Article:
Bankruptcy unable to sell proeprty

I have had my flat on the market for nearly a year. I’ve had 2 buyers drop out and my fixed term has now ended, I am unable to afford the mortgage as it will double. I have taken advice and believe bankruptcy may be the best option. The property is negative equity anyway so I’m not worried about keeping it. Does anybody have experience of this -whether to voluntarily surrender my property to the lender or just go straight for bankruptcy? I don’t know what’s best to do so I don’t get stung with the negative equity debt that will arise.. 
to make it more complicated the property has a loan from help to buy (20%).



  • sourcrates
    sourcrates Forumite, Ambassador Posts: 27,673
    Part of the Furniture 10,000 Posts Name Dropper Photogenic
    You don`t need to go bankrupt, if you simply hand the keys back to the lender, they will begin the process of selling it.

    Whatever the house sells for, will obviously reduce your debt, whatever is left is known as a mortgage shortfall debt.

    Now the above process can take quite some time, and it will be at least 12 months after the house sale is completed before any collection activity will begin.

    The lender will likely sell the debt to a specialist company, who will then likely try to contact you, the good news is these debts tend to be quite large amounts of money, and they know people who have recently being repossessed don`t have tons of readily available cash to hand.

    If you can afford to pay something, they will accept that, if you can`t, and you can back it up with a copy of your budget, they will usually suspend collection activity indefinitely without much fuss, and if your situation stays that way, you will find that`s the last you will hear from them.
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  • BellaBlondykeTheThird
    BellaBlondykeTheThird Forumite Posts: 10
    Photogenic First Post
    Great advice above and most importantly don't get stressed about it all. You may even feel relieved and less stressed.
  • fatbelly
    fatbelly Forumite Posts: 19,213
    Part of the Furniture 10,000 Posts Name Dropper Cashback Cashier
    edited 13 September at 7:34PM
    If you are still living there, and considering handing back the keys, where will you live then?

    Have you considered staying put and, if the mortgage is unaffordable, stopping paying?

    It could take a year , maybe longer, before the repossession process completes.

    I once met a guy in court at his repossession hearing who had been living in his car for a year after walking away from his mortgage.. I pointed out that he would get a 28-day order and then a warrant would follow. If he wanted to go back to his house in the meantime he was ok to do that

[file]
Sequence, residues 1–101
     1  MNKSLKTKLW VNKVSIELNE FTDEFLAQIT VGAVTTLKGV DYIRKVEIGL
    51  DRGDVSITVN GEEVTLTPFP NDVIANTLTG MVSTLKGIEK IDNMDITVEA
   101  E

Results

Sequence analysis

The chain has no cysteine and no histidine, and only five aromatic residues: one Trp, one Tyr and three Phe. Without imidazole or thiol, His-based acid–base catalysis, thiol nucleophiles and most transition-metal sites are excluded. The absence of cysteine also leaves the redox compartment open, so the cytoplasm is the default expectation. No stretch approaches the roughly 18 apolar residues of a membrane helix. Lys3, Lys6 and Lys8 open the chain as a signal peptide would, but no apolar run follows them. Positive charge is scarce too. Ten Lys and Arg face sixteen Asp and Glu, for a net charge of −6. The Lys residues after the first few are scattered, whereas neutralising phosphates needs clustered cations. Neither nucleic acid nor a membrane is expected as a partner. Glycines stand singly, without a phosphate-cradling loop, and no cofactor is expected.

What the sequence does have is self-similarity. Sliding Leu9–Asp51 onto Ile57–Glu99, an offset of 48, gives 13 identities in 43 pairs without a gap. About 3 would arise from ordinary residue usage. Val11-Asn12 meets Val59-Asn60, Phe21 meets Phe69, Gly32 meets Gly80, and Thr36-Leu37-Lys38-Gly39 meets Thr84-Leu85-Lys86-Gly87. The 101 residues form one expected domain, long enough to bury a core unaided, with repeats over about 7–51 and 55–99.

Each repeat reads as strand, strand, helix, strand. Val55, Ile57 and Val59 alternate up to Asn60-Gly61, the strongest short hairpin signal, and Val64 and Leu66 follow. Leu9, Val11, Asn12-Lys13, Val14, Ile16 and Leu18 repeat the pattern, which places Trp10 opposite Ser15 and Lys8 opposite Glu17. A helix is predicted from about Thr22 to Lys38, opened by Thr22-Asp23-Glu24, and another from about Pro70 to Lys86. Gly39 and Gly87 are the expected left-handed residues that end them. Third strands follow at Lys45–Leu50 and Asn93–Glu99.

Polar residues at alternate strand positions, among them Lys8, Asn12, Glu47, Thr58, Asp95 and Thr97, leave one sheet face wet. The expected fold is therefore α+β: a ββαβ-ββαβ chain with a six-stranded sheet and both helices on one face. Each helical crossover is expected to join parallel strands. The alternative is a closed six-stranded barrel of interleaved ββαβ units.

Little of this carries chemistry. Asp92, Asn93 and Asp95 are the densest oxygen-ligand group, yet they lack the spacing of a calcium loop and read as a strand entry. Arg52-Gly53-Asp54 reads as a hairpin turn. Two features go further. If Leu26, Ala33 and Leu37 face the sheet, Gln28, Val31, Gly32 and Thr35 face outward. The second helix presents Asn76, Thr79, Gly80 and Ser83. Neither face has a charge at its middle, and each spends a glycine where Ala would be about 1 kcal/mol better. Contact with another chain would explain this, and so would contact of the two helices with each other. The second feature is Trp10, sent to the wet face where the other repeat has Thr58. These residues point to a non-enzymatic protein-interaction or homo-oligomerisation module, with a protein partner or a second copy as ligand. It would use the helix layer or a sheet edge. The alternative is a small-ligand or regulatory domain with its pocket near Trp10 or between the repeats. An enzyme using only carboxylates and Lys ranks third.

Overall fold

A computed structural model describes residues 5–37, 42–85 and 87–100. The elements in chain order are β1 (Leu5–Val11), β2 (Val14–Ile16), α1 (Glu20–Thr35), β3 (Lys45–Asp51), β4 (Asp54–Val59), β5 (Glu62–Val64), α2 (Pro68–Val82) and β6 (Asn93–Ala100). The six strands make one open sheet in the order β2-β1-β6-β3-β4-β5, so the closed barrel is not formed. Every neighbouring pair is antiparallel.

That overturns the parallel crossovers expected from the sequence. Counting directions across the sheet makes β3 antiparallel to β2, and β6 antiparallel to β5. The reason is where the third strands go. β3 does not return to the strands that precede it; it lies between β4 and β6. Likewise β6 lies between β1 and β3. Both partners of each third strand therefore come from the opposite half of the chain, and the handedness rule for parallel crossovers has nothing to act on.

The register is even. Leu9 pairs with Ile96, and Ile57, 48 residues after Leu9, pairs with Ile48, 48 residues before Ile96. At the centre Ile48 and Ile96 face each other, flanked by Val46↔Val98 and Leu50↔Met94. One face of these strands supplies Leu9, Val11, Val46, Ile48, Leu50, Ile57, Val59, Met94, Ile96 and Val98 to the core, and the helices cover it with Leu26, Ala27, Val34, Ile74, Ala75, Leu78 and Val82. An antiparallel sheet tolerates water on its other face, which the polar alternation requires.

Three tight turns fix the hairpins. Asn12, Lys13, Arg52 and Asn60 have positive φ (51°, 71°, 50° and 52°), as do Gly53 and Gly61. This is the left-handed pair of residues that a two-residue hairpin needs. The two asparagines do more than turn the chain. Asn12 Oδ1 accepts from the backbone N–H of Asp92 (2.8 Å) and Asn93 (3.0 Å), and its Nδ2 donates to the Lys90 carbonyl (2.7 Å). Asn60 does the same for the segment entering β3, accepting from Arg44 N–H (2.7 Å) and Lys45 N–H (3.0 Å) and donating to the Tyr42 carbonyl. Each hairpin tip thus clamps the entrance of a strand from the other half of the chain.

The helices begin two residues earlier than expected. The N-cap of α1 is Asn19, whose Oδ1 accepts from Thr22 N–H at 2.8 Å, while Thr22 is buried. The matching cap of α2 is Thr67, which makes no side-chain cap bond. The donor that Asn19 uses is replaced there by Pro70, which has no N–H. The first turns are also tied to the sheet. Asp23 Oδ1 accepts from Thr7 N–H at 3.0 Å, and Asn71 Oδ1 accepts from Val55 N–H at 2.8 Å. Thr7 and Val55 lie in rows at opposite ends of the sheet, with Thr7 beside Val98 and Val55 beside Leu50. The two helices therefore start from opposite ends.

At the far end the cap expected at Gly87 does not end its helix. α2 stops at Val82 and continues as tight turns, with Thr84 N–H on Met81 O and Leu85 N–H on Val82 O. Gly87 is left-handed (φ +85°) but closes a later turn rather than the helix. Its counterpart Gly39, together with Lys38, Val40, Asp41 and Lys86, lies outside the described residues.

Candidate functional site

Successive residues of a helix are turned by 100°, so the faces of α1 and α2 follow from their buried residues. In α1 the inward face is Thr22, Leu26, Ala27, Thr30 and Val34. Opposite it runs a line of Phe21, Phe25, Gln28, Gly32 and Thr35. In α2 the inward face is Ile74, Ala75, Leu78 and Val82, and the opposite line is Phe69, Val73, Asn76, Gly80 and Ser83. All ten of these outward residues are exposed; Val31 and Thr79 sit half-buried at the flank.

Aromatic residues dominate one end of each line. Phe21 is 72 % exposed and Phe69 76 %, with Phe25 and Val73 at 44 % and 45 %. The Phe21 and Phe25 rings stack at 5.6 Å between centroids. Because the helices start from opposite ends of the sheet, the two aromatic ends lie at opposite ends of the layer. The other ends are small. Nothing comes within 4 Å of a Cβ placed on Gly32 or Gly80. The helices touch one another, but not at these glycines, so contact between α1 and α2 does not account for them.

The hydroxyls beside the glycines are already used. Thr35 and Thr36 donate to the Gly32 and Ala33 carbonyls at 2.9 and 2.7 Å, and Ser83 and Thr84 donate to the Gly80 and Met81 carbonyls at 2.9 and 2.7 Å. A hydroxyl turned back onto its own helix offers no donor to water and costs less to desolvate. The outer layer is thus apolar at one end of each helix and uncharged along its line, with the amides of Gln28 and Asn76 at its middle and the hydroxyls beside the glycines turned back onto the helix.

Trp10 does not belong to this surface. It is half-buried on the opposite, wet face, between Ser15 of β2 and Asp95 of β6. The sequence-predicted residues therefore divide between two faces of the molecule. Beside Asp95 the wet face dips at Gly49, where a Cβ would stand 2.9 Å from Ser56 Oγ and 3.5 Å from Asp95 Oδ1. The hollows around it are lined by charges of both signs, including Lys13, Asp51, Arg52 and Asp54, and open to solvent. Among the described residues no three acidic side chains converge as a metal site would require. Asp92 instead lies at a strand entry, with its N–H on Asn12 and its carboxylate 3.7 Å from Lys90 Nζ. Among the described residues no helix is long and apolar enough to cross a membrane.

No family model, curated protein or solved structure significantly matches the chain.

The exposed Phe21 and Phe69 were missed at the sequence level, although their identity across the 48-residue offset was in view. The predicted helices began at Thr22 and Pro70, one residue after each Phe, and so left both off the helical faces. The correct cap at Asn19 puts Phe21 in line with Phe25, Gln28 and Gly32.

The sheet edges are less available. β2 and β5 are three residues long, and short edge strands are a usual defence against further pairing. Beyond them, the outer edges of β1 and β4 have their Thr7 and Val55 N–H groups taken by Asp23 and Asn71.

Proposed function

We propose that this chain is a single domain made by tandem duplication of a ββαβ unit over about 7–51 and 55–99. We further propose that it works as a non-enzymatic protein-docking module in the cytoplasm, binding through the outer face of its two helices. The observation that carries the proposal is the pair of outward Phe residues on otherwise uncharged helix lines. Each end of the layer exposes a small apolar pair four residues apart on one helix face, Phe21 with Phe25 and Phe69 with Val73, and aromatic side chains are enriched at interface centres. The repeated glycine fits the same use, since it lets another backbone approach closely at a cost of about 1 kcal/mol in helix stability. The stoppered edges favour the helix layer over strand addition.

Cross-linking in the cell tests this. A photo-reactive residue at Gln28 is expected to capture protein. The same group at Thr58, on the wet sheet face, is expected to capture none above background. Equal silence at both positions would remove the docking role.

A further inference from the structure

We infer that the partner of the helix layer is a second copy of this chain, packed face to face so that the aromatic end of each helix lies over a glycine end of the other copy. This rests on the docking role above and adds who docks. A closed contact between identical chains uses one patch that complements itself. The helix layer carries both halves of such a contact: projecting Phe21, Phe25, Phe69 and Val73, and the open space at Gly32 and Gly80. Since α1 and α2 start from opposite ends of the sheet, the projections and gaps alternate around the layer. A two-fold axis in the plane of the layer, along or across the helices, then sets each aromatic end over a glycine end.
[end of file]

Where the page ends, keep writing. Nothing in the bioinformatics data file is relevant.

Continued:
Shelter are very good on this sort of thing
  • ManyWays
    ManyWays Forumite Posts: 138
    Third Anniversary 100 Posts Name Dropper
    Finding somewhere to move to should be your top priority. If that means a private tenancy, then you want to move before bankruptcy as that on your credit record will make it harder to get a tenancy. And if you need to save a deposit and moving costs you may need to stop paying the mortgage and/or other household bills to do this. Bankruptcy can wait until you have moved.
  • jlollas
    jlollas Forumite Posts: 2
    First Post
    Thanks for everyone’s advice 
    I have moved out already and living with parents as can’t afford to pay bills etc. I don’t care about retaining the property especially as it is in significant negative equity anyway hence bankruptcy.. 
  • silvercar
    silvercar Forumite, Ambassador Posts: 45,941
    Part of the Furniture 10,000 Posts Academoney Grad Name Dropper
    The lender take their money first, then HTB get any left over, any after that gets returned to you.

    If there isn't enough to repay the HTB then the government loses out on that money.

    The HTB loan is a percentage of the price realised. So if you are in negative equity, HTB would only be entitled to the same percent of the final price and that is after the lender has taken all their costs, arrears, capital owed etc. 
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